Within the next month we'll officially start our Great/Greatest Loop year cruise up the Hudson River, across the Erie Canal, to the Great Lakes to Chicago, and down the great inland rivers to Mobile, Alabama, and around Florida to come back to the Chesapeake Bay. I've been thinking of techniques to document the trip in a different and out-of-the-normal way and have been experimenting with cameras and software to create time lapse videos of daily travels. It takes 3-4 software products and special camera hardware. The last hardware should be waiting for us at Olverson's and will allow much longer videos to be made - we're currently limited to about 2.5 hours of real time.

So here was most of today's travel from Atlantic Yacht Basin in Chesapeake, VA to the channel leading to Hampton, VA. We're at Downtown Hampton Public Piers escaping a very bad storm that passed over tonight. This test includes some cheesy titles but really good music. I calculate the speed of travel as the equivalent of going about 1,000 knots through the water. I think it feels about right.

So what do you think? Is this worth the effort to document each day's travel like this?


Note that the video isn't working on iPads (mine too). This is why I'm testing it all. The video needs to be encoded differently - the next test will do that. For now, you can only view this on a PC or Mac.

Monday, April 15, 2013

Never on a Weekend (Well, Hardly)

We have a rule that we never travel inside on a weekend, especially if the weather is good. Every owner of a small "go-fast" boat is out zooming around enjoying their free time. It's typically a zoo and few seem to know or care about things like the rules of the road, the effect of a wake, etc. So we try to stay put somewhere.

We timed our departure from the Lightkeepers Marina so that we would reach Shallotte Inlet at high tide. We had numerous hazards to deal with and the one near Shallotte Inlet was the worst. Oh, and it was Saturday and the weather was spectacular.

As we approached the inlet we saw several floating buoys marking the best water. The channel was very narrow but we had hit high tide so we felt pretty good. There were many boats zooming in and out and around the inlet. A beach on the ocean side was lined with small boats and dogs and children were playing. All and all it was a lovely scene.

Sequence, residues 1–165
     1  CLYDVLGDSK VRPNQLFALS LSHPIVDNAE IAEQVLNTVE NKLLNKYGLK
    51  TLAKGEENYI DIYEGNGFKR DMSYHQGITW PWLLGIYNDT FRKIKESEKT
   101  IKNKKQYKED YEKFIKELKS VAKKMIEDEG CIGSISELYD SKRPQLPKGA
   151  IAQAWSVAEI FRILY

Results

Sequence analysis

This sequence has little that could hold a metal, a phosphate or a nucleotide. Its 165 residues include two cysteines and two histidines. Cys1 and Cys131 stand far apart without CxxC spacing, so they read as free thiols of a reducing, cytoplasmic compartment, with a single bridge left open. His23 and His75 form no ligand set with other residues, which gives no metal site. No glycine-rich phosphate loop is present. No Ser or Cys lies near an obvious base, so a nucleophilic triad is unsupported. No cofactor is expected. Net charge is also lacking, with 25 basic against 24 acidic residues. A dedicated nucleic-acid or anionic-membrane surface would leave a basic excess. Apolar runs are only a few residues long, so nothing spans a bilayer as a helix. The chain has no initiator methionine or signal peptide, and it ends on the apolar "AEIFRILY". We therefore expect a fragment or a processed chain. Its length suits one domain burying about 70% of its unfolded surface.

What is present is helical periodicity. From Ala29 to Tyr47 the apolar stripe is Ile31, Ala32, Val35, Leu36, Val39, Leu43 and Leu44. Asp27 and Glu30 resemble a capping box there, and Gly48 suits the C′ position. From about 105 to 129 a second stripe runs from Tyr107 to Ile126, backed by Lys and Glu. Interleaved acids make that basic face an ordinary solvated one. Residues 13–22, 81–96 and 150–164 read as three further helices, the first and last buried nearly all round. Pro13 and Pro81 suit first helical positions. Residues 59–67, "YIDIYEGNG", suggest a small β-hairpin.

I noticed a couple of kayakers meandering at the edge of the channel and put my hand on the throttle to pull back. We have kayaked for many years and know how unsettling a sudden wake can be.

Then they turned in front of us right into the channel. Well, alright, I would have waited to cross behind us but I just pulled back the throttle to give them time to cross. Nope. They turned and started paddling up the middle of the channel. I waited a moment to see if they would turn and continue across. Nope. Now I was concerned, we don't exactly stop on a dime.

So I blew a short blast on my horn. The second kayaker looked back and kept on paddling. We were still moving at about 3-4 knots although I was out of gear. I blew a long blast. Again he looked back but kept on paddling. I told Jeff he'd better go out on the bow and tell them they had to move.

"You need to move out of the channel."

The kayaker said, "No, you have to stay out of our way," and kept on paddling. Now I'm getting ready to go in reverse.

"You're in the middle of a restricted channel and we're a deep draft boat. We can't move out of the channel. You need to get out of the channel to let us pass."

"You're on the wrong side of that red."